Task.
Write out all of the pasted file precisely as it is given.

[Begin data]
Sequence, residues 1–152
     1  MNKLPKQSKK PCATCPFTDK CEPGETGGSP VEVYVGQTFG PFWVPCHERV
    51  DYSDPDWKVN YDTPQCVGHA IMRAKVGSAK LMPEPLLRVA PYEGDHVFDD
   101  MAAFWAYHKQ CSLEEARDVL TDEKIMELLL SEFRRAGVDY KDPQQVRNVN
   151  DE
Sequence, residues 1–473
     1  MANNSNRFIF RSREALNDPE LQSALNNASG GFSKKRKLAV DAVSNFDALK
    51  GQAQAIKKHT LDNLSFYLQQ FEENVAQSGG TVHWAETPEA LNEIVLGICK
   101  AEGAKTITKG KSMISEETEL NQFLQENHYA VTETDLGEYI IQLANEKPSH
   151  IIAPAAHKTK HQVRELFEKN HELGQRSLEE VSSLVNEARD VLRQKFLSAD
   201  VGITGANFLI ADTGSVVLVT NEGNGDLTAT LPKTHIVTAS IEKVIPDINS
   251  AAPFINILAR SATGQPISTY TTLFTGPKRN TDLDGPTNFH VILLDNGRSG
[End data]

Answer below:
Sequence, residues 1–152
     1  MNKLPKQSKK PCATCPFTDK CEPGETGGSP VEVYVGQTFG PFWVPCHERV
    51  DYSDPDWKVN YDTPQCVGHA IMRAKVGSAK LMPEPLLRVA PYEGDHVFDD
   101  MAAFWAYHKQ CSLEEARDVL TDEKIMELLL SEFRRAGVDY KDPQQVRNVN
   151  DE
Sequence, residues 1–473
     1  MANNSNRFIF RSREALNDPE LQSALNNASG GFSKKRKLAV DAVSNFDALK
    51  GQAQAIKKHT LDNLSFYLQQ FEENVAQSGG TVHWAETPEA LNEIVLGICK
   101  AEGAKTITKG KSMISEETEL NQFLQENHYA VTETDLGEYI IQLANEKPSH
   151  IIAPAAHKTK HQVRELFEKN HELGQRSLEE VSSLVNEARD VLRQKFLSAD
   201  VGITGANFLI ADTGSVVLVT NEGNGDLTAT LPKTHIVTAS IEKVIPDINS
   251  AAPFINILAR SATGQPISTY TTLFTGPKRN TDLDGPTNFH VILLDNGRSG